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April 25, 1903


JAMA. 1903;XL(17):1146. doi:10.1001/jama.1903.02490170030003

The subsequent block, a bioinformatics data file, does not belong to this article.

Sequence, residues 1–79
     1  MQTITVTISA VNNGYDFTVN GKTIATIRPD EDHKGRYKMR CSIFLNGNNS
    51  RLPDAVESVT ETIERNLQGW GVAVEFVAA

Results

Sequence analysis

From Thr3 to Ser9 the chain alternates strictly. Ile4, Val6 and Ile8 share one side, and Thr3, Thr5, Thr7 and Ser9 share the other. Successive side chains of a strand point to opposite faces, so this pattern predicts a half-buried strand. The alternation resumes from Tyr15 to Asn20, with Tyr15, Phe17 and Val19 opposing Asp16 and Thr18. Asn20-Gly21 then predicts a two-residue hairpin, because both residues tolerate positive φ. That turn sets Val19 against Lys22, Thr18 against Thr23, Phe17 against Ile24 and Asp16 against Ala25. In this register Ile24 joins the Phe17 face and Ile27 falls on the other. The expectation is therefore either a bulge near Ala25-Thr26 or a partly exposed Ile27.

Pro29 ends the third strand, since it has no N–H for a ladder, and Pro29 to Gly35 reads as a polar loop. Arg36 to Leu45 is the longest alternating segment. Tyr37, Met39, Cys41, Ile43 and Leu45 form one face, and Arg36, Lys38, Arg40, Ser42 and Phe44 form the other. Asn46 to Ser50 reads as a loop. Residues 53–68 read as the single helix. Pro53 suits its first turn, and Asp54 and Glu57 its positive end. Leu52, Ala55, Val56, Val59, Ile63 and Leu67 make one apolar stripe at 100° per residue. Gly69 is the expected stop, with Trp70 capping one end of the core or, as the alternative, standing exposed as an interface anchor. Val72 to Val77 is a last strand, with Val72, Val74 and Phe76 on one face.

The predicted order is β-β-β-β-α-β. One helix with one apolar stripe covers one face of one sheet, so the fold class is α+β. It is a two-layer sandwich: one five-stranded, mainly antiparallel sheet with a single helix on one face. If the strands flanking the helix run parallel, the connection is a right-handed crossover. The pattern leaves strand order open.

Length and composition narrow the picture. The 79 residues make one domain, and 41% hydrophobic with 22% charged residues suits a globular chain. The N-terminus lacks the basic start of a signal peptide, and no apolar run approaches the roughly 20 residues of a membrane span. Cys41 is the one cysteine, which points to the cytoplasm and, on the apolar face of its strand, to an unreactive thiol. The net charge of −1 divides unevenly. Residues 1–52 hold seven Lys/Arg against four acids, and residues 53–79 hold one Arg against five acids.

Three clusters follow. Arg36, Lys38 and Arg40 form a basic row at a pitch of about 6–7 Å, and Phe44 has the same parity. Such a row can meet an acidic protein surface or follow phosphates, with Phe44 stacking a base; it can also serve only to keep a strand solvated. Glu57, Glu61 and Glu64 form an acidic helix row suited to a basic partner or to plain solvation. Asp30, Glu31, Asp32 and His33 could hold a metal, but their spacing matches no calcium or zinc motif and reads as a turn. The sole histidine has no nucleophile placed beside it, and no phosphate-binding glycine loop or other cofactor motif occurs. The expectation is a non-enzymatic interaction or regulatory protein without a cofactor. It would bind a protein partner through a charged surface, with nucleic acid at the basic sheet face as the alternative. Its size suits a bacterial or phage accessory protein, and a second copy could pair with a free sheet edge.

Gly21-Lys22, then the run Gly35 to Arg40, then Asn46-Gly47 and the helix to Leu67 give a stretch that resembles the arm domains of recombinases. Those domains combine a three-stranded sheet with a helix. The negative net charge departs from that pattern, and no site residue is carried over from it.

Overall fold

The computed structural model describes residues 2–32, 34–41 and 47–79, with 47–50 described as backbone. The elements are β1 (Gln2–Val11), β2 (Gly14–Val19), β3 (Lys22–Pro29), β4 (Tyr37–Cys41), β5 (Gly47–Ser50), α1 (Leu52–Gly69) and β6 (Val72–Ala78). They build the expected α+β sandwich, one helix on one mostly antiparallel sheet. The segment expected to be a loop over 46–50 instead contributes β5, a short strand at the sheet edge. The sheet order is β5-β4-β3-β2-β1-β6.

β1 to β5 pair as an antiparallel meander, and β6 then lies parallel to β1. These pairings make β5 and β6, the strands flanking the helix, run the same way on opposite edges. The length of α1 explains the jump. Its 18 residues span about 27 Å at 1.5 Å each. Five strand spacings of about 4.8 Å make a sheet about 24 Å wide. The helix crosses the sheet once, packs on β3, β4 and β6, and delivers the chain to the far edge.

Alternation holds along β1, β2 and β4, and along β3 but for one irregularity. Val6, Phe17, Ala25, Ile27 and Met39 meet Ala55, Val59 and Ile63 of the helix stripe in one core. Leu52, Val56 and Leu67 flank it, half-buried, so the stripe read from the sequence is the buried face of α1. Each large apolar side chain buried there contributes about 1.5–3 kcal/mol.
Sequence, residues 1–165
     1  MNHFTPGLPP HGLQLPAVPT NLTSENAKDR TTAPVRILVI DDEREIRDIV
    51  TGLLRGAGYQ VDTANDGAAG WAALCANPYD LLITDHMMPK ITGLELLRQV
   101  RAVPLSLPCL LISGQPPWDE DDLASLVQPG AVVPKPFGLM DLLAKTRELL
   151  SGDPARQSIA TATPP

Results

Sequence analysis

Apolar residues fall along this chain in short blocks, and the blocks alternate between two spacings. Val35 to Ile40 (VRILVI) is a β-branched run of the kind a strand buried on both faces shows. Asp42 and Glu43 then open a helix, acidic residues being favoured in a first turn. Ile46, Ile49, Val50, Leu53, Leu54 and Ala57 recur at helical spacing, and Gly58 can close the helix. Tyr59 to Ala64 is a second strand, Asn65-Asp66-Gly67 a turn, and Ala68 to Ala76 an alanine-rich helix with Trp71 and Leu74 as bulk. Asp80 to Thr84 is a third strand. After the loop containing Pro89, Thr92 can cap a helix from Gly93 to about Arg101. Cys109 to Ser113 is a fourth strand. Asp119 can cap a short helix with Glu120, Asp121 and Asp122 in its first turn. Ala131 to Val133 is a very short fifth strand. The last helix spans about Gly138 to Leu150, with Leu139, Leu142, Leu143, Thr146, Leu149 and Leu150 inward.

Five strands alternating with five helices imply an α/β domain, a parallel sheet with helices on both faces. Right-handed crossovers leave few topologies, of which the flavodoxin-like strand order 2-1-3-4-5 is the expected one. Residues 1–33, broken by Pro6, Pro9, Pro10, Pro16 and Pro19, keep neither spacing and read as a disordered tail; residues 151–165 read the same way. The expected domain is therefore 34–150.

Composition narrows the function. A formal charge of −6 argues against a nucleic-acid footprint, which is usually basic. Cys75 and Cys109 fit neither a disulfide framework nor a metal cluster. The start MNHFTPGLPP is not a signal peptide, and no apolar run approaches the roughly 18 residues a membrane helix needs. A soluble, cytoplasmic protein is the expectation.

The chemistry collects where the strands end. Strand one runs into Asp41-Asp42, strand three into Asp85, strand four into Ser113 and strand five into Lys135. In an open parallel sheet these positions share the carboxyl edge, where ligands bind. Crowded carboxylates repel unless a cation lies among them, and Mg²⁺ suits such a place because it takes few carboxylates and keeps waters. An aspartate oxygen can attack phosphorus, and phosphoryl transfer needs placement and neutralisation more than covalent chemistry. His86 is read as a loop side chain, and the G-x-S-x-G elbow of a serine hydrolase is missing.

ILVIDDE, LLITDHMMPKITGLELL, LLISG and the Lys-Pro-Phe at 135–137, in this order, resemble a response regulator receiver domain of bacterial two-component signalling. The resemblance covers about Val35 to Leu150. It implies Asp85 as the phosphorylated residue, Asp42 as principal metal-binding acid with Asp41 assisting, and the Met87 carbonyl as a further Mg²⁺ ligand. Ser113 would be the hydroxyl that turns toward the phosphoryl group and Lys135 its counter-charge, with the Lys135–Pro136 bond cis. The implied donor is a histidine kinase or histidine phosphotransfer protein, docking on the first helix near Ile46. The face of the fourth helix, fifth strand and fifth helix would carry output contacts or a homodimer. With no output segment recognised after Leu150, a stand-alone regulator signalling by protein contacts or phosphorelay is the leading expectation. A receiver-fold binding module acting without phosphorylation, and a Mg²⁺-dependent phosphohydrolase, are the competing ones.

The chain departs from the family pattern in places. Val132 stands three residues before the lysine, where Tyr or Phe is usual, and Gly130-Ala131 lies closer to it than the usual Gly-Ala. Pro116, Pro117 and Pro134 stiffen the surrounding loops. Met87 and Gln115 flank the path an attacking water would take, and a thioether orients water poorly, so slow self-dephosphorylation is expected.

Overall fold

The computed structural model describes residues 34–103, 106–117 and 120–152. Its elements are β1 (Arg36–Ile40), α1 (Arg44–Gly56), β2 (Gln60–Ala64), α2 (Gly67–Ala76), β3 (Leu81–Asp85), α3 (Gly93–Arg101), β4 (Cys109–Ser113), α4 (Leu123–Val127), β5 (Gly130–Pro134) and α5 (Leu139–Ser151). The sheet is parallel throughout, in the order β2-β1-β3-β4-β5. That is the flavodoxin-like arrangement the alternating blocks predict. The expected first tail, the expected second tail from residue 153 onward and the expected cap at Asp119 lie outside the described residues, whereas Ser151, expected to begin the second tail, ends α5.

There are abundant evidences of the chemical differentiation of species, which in some instances is as prominent as the morphologic distinctions. For example, we find specific varieties of hemoglobin, which, although functionating similarly in all animals, and with closely related composition, yet show quite different crystalline forms. Probably the differences in the effects of drugs on different animals depend on different chemical composition of certain parts of the animals. The entire work on immunity testifies to these chemical peculiarities of divisions in the animal kingdom. Even natural selection plays a part in such differentiation, as seen in the protective colorings, the venoms, the defensive odor of the skunk, or the ink discharged by the cuttle-fish. The peculiarity of proteid metabolism by which in reptiles and birds the chief end product is uric acid, while in mammals it is urea, has been the pivotal point for most of the study, theorization

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